This is a printer friendly page
Free for educational use

Old Age and the Burden of Dementia

Video clip synopsis – An elderly woman confides to a social worker the lonely burden she faces looking after her dementia-affected husband. She doesn't want to worry their children, who have their own lives to lead.
Year of production - 1983
Duration - 1min 42sec
Tags - ageing, health, identity, interviews, see all tags


Old Age and the Burden of Dementia

How to Download the Video Clip

To download a free copy of this Video Clip choose from the options below. These require the free Quicktime Player.

download clip icon Premium MP4 outsight_pr.mp4 (12.5MB).

ipod icon Broadband MP4 outsight_bb.mp4 (5.9MB), suitable for iPods and computer downloads.

Additional help.

buy iconYou can buy this clip on a compilation DVD.

buy iconYou can buy the program this clip comes from.

About the Video Clip


Old Age and the Burden of Dementia is an excerpt from the film Out of Sight (15 mins), an episode of the series Ageing in the New Age (7 × 15 mins), produced in 1983.

Out of Sight: The British Medical Journal has described Dementia as the 'sad quiet epidemic’. It is untrue that we lose our minds with age. But in Australia one in four people aged over 81 years has some form of dementia.

Each program in this series deals with one of a number of issues: approaches to retirement; community support systems that foster independence; living on a pension; ways the elderly are still contributing to the community; the position of elders in different cultural traditions; the problem of dementia; and managing financial investments.

Ageing in the New Age: With an ageing population, the world is approaching a crisis and community debate is growing on the issues raised by ageing populations. Each program in this series of seven films deals with one of those issues: approaches to retirement, community support systems that foster independence, living on a pension, ways the elderly are still contributing to the community, the position of elders in different cultural traditions, the problem of dementia and managing financial investments. They are generally optimistic and uplifting programs, full of innovative ideas and inspiration.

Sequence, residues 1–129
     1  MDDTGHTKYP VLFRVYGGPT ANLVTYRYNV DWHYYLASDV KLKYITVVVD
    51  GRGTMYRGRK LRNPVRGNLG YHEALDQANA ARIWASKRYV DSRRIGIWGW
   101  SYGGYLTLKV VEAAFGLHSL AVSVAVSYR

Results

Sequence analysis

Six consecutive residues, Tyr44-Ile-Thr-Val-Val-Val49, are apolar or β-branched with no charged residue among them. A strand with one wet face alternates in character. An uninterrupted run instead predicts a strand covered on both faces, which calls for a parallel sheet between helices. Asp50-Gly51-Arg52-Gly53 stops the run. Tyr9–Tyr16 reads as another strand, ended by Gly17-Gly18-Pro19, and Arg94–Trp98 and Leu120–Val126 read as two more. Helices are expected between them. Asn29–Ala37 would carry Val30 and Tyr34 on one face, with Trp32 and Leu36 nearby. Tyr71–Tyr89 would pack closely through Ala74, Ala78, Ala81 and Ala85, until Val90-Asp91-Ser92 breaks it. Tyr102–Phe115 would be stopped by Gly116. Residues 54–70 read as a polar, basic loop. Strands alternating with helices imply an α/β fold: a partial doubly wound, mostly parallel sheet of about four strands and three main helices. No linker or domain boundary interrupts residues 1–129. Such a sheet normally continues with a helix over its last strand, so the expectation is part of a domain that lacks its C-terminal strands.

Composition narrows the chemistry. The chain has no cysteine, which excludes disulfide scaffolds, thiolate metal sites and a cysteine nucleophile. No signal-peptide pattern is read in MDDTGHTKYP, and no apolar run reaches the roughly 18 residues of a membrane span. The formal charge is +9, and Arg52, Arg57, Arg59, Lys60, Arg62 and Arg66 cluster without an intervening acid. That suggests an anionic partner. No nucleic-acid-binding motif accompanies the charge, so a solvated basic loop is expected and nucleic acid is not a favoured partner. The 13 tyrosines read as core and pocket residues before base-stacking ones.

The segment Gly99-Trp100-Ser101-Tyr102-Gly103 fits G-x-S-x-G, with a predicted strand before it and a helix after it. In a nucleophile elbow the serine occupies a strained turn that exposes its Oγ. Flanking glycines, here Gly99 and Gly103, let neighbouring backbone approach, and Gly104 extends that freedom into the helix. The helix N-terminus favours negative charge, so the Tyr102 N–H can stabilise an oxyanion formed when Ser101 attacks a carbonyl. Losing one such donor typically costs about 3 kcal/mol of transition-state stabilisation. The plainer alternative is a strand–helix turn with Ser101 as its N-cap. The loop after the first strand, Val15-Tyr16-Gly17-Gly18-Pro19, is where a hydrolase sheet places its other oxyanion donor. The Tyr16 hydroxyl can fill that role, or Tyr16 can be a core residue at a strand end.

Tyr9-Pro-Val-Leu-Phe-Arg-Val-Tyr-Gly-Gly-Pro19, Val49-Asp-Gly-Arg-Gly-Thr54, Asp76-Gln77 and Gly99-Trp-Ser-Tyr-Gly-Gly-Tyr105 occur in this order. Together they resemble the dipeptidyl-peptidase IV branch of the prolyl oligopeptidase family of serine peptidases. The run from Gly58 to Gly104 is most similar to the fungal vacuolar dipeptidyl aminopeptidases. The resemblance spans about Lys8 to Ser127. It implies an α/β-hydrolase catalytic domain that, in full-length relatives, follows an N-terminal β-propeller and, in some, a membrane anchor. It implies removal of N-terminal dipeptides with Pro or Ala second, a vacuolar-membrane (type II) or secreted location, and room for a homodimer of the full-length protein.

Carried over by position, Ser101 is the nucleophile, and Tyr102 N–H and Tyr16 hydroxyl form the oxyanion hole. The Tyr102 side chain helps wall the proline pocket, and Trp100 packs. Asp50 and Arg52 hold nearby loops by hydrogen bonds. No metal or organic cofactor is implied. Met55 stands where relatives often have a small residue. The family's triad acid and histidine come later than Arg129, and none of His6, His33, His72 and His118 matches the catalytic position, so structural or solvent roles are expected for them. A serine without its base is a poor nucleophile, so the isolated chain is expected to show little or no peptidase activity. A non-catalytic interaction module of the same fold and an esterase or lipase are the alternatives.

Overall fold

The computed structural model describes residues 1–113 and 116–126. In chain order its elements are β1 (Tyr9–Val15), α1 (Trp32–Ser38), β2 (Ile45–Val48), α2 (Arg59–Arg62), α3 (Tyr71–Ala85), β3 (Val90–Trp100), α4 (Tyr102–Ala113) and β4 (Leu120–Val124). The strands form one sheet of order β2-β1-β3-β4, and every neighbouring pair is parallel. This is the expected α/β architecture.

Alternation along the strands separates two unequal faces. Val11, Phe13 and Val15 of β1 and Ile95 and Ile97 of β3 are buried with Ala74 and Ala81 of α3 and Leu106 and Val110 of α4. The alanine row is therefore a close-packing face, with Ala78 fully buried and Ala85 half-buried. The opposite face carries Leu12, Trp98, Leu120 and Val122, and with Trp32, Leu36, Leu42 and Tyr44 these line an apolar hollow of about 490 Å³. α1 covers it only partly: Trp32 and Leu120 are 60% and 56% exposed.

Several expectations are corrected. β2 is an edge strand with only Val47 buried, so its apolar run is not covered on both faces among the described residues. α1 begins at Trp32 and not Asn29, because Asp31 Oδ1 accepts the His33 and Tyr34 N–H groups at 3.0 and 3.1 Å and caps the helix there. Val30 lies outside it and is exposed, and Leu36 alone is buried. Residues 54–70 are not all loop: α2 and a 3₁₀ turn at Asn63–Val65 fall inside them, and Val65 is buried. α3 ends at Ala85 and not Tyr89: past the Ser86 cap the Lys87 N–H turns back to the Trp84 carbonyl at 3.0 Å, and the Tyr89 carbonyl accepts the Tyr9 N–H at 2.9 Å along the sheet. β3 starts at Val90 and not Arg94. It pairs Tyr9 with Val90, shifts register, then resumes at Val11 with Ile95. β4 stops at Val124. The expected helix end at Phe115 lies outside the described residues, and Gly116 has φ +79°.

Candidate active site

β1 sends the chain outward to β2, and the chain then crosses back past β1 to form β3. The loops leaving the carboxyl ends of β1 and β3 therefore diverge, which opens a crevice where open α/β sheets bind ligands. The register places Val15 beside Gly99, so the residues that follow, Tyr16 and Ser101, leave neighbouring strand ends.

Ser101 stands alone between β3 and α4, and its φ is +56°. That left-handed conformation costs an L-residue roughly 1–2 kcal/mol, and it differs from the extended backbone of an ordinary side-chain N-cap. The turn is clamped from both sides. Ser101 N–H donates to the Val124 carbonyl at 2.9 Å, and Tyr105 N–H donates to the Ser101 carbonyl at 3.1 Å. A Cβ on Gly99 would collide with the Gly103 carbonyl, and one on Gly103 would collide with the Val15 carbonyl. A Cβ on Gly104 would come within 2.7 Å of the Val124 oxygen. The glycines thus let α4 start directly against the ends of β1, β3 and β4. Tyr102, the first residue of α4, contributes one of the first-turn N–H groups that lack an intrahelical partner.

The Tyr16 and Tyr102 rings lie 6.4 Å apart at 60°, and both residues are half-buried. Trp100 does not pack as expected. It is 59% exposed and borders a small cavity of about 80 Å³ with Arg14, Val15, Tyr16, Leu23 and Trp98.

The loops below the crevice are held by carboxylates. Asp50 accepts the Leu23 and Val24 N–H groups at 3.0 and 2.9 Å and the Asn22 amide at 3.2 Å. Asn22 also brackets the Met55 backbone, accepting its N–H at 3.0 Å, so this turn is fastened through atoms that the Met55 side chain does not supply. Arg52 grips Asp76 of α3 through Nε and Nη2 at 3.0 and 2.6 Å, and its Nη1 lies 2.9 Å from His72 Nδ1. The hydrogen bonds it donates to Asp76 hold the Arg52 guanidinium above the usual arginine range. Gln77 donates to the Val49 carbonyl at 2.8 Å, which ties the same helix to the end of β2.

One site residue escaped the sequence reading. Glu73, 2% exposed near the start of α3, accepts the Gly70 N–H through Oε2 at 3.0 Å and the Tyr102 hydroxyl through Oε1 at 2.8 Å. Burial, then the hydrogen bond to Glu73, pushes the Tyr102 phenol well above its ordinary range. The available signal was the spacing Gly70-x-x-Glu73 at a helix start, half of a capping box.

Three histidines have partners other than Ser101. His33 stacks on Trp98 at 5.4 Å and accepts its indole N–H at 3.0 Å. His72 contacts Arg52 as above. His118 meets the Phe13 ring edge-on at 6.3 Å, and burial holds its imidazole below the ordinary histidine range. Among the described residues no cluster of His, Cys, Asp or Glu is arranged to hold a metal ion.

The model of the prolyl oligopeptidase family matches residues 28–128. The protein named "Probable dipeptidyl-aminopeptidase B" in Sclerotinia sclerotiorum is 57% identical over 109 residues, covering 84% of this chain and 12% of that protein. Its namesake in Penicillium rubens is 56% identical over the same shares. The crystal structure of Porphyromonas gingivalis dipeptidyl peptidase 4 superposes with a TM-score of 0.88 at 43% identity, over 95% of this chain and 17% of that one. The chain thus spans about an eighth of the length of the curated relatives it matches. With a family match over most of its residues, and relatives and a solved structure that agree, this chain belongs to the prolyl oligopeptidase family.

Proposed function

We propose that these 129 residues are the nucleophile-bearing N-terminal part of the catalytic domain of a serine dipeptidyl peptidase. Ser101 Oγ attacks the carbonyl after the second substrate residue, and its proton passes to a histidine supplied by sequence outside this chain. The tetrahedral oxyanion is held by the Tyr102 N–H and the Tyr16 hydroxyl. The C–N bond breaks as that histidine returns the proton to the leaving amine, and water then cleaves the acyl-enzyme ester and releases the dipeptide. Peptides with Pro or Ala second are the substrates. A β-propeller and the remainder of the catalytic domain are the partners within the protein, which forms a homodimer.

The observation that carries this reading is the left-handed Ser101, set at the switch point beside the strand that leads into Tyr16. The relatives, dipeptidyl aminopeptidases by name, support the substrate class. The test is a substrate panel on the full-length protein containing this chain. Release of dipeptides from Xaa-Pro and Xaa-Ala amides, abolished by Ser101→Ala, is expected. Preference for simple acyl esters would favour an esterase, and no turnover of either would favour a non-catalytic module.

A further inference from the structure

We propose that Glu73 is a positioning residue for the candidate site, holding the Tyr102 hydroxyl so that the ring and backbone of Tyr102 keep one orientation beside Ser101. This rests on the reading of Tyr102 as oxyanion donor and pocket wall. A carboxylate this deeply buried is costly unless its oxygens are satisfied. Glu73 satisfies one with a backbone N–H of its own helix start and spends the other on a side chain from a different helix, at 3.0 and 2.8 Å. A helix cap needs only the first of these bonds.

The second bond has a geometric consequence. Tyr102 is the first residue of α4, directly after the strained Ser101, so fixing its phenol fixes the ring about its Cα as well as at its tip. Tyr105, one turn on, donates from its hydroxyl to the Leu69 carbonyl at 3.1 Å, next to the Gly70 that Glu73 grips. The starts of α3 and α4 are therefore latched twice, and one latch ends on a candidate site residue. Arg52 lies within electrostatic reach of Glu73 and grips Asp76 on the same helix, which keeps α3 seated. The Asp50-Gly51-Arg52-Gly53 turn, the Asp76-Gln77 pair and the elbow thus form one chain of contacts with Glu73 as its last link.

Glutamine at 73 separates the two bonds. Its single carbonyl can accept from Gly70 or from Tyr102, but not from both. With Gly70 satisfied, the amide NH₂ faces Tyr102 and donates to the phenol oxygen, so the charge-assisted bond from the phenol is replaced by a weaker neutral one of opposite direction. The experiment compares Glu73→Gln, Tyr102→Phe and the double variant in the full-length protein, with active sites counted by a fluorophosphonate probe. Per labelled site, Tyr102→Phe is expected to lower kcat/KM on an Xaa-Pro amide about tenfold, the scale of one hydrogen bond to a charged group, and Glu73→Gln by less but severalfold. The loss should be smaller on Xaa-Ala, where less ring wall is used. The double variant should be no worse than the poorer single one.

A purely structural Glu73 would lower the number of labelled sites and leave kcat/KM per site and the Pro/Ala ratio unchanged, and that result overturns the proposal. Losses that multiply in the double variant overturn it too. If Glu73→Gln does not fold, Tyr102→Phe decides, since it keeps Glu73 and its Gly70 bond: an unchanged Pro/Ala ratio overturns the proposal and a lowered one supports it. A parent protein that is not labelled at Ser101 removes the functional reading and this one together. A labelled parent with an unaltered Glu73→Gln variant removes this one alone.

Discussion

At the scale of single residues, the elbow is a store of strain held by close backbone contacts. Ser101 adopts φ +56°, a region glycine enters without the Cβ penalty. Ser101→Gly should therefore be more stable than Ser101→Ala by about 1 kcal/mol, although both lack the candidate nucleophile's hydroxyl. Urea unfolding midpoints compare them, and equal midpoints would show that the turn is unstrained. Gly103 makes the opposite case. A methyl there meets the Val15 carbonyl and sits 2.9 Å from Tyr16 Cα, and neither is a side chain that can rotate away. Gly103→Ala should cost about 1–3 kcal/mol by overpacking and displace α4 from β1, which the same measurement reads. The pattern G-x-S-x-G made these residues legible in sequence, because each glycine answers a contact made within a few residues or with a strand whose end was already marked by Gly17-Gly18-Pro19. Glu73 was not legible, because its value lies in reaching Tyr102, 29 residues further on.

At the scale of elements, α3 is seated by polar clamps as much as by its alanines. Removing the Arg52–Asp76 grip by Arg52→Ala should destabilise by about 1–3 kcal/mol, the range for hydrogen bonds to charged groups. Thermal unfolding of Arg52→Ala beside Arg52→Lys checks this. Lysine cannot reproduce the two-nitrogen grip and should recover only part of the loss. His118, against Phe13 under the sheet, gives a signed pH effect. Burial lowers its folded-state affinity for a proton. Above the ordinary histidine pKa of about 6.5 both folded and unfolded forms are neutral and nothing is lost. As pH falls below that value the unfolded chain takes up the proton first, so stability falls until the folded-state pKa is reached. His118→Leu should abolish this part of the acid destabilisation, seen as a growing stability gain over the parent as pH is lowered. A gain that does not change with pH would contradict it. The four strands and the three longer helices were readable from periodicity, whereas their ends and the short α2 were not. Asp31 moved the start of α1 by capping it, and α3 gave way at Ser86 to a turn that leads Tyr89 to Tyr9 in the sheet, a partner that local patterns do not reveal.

Ageing in the New Age was produced by Film Australia with the assistance of AMP Society.

Curriculum Focus


This digital resource can be used to achieve the following outcomes:
A student
5.1 responds to and composes increasingly sophisticated and sustained texts for understanding, interpretation, critical analysis and pleasure
5.4 selects and uses language forms and features, and structures of texts according to different purposes, audiences and contexts, and describes and explains their effects on meaning
5.7 thinks critically and interpretively using information, ideas and increasingly complex arguments to respond to and compose texts in a range of contexts

This material is an extract. Teachers and students should consult the Board of Studies website for more information.

Background Information


In almost all Westernised societies, life expectancy is increasing. Although women continue to outlive men, many people of both sexes now live well into their eighties or beyond. This increasingly aged population brings with it an increase in the problems associated with old age. One such problem is dementia.

Dementia is the term used to describe the symptoms of a large group of illnesses which cause a progressive decline in mental functioning.

The early symptoms of dementia are subtle and vary for each person and from day-to-day. Symptoms gradually get worse. Common symptoms include:

  • Memory problems, especially for recent events (long-term memory usually remains in the early stages).
  • Language and speech difficulties.
  • Confusion, getting lost.
  • Personality changes and behaviour changes.
  • Apathy and withdrawal.
  • Loss of ability to do familiar tasks.

Although it is more common in older people, people as young as 40 can get Alzheimer’s disease, a common form of dementia. One in four people aged over 85 years in Australia has some form of dementia

Classroom Activities

  1. Discuss and write responses to the following:
    1. Define ‘dementia’ and ‘Alzheimer’s disease’ in your own words then check using a dictionary.
    2. Give reasons why dementia is so hard on the interviewee.
    3. Describe what has happened to her husband’s mind, his personality, and his identity using examples from the video clip.
    4. How does she describe her fears and what she does?
    5. Describe the values and qualities you see in this woman. Consider what she does, her attitudes to her husband, her attitude to her daughters, etc.
  2. The video clip shows a ‘talking head’ only.
    1. List the techniques the filmmaker uses to try to vary the image presented. For example, zooming in to a close up.
    2. Suggest other things that could have been done to vary the image presented.
    3. In a 50-word summary write the audience, purpose and message(s) of this video clip
  3. Australia’s society is ageing. The number of dementia sufferers will continue to increase.
    1. Discuss ways how the ageing and ageing sick and their carers can be helped. Do you think that society ‘owes’ these people?
    2. Write a 500-word letter to the editor, media article or speech presenting your point of view on this issue. Remember to include facts and examples.

Literacy Activity: Focus= Viewing / Interpreting

  1. The woman in this clip cares for her husband who has dementia. What burdens does her job as carer bring? (2 marks)
  2. Recount the sad but somewhat humorous story about her husband’s activity in the garden. What is sad about this situation? What makes the image amusing? (2 marks)
  3. Why do you think we only have on interview in this clip? (1 mark)

Further Resources


Go to Alzheimers Australia